Local poets Daniel Comiskey and C. E. Putnam have published a poem titled Crawlspace, and as an object it's compelling. It's a tall, lean book, packaged with a CD and a pair of cheap, cardboard 3-D glasses, and you just kind of want to touch it. The cover looks like an old punk 45: A man wearing a cloak of tentacles stands, bare-chested, in the middle of a pool of hypnotic ripples, and the whole thing is printed in the blurry violet of old-school 3-D.
When you put on the glasses, though, the only part of the collage that stands out is the man's disgustingly realistic chest hair. On further inspection, it appears that the chest hair is actually an upside-down photograph of someone's happy trail, leaking from a black hole of a belly button up into a thatch of pubic hair tucked just under the man's chin. It's a ghastly revelation, thematically resonating with the title's 1950s horror-movie font.
A few dozen people have gathered at the Rendezvous's Jewel Box Theater for the Crawlspace release party. Doug Nufer, Seattle's most gloriously Oulipian force for good, introduces the authors by first comparing them to bullfighters, and then suggesting that they wrote the poem more in the style of a wrestling tag team. "When we apply the rules of professional wrestling to the mayhem of poetry," Nufer says, "who or what are we fighting?"
Comiskey and Putnam take the stage, dressed as foppish dandies in britches and waistcoats, with large buckles on their shoes and frilly lace everywhere. Putnam reads the flashier bits, the chapters named things like "Kicks from the House of Shock." The idea seems to be a love song to popular culture. Lines like "Maybe/a melancholic power/chord or two/would clear/the air" suggest a desire to live a life like in the movies, but many others, like "I'll put aside my antediluvian/ways and just hit the showers," exist solely to be precious.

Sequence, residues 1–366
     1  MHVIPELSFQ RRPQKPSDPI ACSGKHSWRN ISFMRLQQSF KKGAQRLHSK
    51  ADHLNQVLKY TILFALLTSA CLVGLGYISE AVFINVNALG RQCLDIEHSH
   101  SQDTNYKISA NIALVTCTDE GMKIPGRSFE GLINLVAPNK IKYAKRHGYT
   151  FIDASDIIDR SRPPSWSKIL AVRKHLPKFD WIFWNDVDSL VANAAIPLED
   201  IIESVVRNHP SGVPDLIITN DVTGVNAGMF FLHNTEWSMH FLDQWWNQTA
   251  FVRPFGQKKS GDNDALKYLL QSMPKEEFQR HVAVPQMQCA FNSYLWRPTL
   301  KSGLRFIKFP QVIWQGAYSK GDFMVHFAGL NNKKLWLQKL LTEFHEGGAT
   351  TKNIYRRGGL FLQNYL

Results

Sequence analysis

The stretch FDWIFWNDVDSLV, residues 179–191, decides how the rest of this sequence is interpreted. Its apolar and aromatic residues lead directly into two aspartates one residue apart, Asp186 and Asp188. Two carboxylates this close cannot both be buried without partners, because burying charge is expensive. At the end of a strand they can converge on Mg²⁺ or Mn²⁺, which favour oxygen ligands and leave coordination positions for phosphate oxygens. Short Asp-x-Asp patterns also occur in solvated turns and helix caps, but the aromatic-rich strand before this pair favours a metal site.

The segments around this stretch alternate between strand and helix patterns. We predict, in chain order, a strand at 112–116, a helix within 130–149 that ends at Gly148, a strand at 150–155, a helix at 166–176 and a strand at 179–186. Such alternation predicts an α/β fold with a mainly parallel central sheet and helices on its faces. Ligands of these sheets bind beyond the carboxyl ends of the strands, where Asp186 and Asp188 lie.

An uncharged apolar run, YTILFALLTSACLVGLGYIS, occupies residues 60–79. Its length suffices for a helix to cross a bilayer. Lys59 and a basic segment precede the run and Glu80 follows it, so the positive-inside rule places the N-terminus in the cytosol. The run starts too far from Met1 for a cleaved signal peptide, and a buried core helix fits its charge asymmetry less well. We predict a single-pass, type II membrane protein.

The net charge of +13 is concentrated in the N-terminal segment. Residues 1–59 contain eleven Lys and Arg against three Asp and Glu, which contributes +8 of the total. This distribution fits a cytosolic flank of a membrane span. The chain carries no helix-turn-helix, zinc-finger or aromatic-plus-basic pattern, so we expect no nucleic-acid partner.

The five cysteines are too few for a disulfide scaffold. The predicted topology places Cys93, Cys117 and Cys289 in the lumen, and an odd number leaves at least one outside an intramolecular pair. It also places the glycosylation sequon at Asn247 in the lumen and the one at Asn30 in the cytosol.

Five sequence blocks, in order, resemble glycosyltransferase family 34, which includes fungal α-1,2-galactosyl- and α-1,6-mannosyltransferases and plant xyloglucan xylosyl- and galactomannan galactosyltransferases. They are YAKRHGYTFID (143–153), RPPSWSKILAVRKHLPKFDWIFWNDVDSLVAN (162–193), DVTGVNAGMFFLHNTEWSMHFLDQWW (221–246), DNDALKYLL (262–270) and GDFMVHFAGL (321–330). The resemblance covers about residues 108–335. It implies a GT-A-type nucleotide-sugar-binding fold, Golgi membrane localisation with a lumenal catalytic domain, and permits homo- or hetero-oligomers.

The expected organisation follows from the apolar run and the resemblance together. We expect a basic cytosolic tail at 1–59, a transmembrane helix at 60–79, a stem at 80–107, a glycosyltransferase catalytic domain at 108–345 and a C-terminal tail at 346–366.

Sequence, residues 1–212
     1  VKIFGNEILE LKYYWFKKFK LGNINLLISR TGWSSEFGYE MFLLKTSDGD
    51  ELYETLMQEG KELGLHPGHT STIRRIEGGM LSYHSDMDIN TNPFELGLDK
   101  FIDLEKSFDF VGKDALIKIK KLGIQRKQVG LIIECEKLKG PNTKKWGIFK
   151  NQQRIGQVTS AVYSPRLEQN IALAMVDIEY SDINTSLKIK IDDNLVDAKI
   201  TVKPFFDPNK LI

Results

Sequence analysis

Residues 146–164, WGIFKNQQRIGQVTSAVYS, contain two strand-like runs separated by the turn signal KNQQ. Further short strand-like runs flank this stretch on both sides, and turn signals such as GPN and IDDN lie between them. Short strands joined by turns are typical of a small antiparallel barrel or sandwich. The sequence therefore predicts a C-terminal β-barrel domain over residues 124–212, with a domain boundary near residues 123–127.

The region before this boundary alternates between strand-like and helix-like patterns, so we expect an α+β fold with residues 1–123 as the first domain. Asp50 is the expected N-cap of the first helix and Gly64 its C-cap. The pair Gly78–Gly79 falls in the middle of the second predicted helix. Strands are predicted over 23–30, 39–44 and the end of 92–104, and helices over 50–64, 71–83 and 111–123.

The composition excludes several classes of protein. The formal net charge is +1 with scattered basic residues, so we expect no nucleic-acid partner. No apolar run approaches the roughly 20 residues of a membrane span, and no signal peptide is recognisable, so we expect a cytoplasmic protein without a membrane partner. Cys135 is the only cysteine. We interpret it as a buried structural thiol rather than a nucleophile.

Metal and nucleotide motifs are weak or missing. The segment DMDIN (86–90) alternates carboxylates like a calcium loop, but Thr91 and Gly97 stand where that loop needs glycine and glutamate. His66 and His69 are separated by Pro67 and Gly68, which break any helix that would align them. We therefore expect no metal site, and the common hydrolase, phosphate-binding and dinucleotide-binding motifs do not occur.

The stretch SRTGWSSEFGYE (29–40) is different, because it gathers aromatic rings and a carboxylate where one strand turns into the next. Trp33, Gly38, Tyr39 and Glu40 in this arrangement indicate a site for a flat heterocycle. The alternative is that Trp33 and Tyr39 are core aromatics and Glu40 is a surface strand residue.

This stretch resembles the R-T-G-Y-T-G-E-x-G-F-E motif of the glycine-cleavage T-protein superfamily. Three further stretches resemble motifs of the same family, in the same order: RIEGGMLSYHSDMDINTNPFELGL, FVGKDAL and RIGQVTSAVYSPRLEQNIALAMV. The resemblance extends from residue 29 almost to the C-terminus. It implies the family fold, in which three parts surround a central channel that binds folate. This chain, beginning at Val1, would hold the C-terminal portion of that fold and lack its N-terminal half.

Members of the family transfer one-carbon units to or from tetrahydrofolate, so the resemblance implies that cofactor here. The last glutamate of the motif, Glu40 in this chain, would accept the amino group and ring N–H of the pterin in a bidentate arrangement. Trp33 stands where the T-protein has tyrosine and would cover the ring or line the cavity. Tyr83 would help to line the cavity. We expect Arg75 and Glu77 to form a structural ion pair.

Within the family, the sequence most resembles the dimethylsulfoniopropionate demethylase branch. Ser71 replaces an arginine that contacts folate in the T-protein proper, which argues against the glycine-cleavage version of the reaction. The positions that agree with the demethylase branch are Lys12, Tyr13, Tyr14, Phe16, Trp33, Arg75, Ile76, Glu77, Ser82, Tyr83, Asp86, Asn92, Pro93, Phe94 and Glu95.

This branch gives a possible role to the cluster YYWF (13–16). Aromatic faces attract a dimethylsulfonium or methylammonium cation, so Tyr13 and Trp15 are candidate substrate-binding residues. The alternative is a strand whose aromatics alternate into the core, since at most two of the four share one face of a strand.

Putnam and Comiskey certainly know how to put on a show, and Crawlspace's accompanying CD, with its dramatic readings interspersed with snippets of songs and sound effects, is great fun. But Nufer's introductory question—who are we fighting?—remains unanswered.
There are about 90 different forces pulling on this poem and, in performance at least, the end result seems to be an easy laugh. Crawlspace is an attempt to stitch together poetry and cliché in order to create something different, but ultimately, it's just a fucked-up experiment with some electricity pumped through it, all sound and fury signifying a cheap thrill.